Let’s Talk Bookish: December 11th

“I’m dreaming of a white Christmas…”

Hello, everyone! I hope you are all having a great week this Christmas season! Today is yet another Let’s Talk Bookish post. Let’s get into it, shall we?

Let’s Talk Bookish is, as described by one of the creators, as a “weekly meme, hosted by me (Rukky @ Eternity Books) & Dani @ Literary Lion, where we discuss certain topics, share our opinions, and spread the love by visiting each other’s posts.”

This question was created by Eleanor@WishingonaStar.

Do you prefer reading classics or contemporaries?

Honestly, it really depends on my mood. However, if I’m in the mood for a deep, thought-provoking, and complex read, I will read a classic, for they carry such traits. On the other hand, if I want and easy yet enjoyable read, I will pick up a contemporary.

Why do you think classics are designated “classics” and studied in school?

I think they are studied for their depth. They are thought-provoking and complex. They are often times books that you don’t forget. I answered a similar question on OnlineBookClub that I’d like to repeat here…

Classics should never die just because some people may think they are invalid to this time and age. Even if they were written in a different era, the humanistic characteristics stay the same. The lessons that are learned in classics such as Little Women, Black Beauty, or Lord of the Rings are lessons that we can always apply to our lives. Classics not only are prime examples of ways people should and shouldn’t act, but their grammar and way of writing are usually flawless. The English language has gone downhill in the past 100 years. Words meant to be used only in sincere circumstances are now used flippantly. Over half of Americans don’t know how to properly use a semi-colon because some people deem it unimportant. Classics are written with such intelligence that it is hard to not learn something from them. Perhaps the generations forget the importance of classics because they don’t understand them. The classics can sometimes be hard to read, but you will always walk away from them a little bit smarter. For instance, if you tackle a Shakespearean piece of literature, you are in for a ride. But what you will learn and understand once you’ve finished you’ll probably remember for a long time. Classics are also, in a way, a glimpse into how the author from years ago perceived the world. It is educational to try and compare the differences between the author’s world, and ours. Somethings will change, somethings won’t. Classics are iconic pieces of literature that should be read by our generation and generations to come.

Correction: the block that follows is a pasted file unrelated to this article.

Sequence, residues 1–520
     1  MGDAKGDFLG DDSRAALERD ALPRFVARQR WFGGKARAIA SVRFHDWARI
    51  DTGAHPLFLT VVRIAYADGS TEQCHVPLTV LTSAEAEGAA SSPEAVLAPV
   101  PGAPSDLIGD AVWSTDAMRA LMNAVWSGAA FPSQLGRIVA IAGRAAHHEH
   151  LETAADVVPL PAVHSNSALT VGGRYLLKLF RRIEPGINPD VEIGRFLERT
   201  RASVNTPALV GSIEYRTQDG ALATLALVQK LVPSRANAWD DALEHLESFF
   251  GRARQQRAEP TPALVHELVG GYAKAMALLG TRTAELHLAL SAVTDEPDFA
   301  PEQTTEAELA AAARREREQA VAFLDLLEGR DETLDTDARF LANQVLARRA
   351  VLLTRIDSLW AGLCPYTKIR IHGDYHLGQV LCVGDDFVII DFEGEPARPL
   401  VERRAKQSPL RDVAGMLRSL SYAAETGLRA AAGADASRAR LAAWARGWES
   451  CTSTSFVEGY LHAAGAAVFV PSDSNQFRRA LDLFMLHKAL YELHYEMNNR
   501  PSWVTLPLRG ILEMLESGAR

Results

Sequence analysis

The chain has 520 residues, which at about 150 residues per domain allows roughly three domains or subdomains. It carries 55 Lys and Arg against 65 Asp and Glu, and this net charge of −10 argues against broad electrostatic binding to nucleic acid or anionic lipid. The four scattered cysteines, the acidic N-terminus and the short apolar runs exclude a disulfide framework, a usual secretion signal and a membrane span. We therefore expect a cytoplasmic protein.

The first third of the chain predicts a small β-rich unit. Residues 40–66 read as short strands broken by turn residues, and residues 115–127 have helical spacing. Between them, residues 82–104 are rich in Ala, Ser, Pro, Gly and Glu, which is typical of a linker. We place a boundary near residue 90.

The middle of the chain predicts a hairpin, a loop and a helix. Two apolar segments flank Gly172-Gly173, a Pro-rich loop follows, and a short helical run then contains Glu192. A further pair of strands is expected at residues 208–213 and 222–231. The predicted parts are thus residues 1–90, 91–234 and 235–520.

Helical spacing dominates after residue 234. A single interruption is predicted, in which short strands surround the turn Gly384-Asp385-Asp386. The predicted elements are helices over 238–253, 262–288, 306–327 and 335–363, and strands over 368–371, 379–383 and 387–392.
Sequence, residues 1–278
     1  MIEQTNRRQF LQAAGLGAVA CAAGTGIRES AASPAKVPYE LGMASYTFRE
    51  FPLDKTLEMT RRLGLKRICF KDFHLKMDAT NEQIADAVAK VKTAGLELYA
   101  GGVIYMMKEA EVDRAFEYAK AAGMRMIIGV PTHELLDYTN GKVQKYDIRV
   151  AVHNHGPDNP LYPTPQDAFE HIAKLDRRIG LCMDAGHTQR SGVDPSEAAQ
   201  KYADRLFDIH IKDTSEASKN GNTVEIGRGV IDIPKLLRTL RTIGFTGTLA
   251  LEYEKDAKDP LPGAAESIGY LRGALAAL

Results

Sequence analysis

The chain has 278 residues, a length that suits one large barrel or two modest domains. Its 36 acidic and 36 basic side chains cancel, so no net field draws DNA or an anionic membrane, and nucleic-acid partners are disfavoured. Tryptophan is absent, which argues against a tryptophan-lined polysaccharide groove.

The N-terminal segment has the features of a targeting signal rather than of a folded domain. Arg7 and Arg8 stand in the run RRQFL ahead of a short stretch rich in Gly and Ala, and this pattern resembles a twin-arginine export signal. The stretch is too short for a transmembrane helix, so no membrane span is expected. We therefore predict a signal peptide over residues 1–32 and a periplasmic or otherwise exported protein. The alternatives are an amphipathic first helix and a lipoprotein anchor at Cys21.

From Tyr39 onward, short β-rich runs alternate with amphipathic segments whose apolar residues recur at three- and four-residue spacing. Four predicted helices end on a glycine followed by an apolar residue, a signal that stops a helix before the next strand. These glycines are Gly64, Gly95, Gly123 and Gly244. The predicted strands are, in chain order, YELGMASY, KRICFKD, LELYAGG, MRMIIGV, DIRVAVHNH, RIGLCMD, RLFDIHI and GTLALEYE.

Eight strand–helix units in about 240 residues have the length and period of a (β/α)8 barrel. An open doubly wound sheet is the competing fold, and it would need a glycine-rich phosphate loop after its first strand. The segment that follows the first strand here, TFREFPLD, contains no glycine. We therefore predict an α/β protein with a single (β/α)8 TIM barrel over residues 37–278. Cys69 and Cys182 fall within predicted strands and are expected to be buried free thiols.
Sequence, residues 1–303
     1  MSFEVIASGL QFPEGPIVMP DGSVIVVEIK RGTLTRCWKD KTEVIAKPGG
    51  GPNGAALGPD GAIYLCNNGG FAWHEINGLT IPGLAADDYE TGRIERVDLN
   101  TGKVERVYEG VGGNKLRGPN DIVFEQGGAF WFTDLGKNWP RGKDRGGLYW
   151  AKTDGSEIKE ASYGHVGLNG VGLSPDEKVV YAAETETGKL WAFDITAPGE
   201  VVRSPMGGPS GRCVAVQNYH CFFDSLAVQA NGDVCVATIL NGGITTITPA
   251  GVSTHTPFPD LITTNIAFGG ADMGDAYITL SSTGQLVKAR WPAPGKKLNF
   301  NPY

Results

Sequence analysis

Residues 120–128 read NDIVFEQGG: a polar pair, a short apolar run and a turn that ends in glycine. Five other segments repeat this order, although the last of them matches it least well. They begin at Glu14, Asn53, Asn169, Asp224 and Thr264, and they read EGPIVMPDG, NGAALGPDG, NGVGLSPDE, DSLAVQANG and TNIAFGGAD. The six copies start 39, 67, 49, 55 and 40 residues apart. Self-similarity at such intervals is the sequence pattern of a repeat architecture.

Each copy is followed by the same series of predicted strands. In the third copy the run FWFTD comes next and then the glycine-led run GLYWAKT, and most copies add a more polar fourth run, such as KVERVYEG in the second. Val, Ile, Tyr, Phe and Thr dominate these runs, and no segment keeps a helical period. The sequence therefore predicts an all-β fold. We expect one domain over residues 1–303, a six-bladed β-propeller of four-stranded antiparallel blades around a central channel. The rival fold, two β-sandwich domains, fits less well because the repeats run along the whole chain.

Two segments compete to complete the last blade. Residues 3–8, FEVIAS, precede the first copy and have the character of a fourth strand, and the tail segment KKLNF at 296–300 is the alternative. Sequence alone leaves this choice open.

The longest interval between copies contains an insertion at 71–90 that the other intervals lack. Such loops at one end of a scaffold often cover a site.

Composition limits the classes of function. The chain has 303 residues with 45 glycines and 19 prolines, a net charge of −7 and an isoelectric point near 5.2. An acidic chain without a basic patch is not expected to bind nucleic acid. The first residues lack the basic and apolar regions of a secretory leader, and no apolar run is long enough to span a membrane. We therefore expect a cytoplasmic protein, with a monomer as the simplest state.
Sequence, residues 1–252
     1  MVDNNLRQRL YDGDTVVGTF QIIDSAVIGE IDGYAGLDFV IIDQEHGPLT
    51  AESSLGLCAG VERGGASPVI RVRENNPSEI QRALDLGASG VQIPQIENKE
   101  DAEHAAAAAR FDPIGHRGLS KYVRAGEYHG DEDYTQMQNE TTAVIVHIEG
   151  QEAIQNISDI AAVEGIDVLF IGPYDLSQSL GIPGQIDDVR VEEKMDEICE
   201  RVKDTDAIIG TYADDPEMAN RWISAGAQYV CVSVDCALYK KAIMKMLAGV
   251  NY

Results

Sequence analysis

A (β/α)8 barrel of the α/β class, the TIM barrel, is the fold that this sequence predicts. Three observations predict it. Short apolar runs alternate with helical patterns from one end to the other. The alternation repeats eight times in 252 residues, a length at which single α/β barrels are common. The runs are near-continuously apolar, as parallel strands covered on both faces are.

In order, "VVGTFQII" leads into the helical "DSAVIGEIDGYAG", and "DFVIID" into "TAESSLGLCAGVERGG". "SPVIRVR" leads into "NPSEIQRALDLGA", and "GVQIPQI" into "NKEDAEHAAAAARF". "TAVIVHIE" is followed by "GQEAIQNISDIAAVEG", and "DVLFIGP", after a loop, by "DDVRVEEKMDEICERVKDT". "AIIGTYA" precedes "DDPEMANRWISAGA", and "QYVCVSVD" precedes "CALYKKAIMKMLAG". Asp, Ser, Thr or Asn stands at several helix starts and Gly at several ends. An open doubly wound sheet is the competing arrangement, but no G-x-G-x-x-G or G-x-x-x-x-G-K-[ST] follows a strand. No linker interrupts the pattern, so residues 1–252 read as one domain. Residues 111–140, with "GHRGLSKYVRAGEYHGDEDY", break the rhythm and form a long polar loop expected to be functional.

Well, that is all for today.

What do you think? Are classics superior to contemporaries? Why or why not? I’d love to hear your thoughts! Merry Christmas!!! God bless!

A classic is a book that has never finished saying what it has to say.

Italo Calvino

15 thoughts on “Let’s Talk Bookish: December 11th”

  1. Wow what a beautiful post Millay!! Thank you for doing the discussion prompt I suggested!! Classics are so iconic and there’s a reason they still live on to this day. Classics have influenced me so much, in my writing and in the way I look at the world, so I’m incredibly grateful for them. I’m so glad you did this post, your insights were marvelous! And the quote at the end was perfect 😀

    Liked by 1 person

    1. Thanks! I’m glad that my words were able to motivate you! They can be a difficult, and SOMETIMES boring, undertaking. However, it does depend on your perspective. Granted, classics aren’t for everyone…but they should be. Thanks for reading, Cherelle! xoxo

      Liked by 1 person

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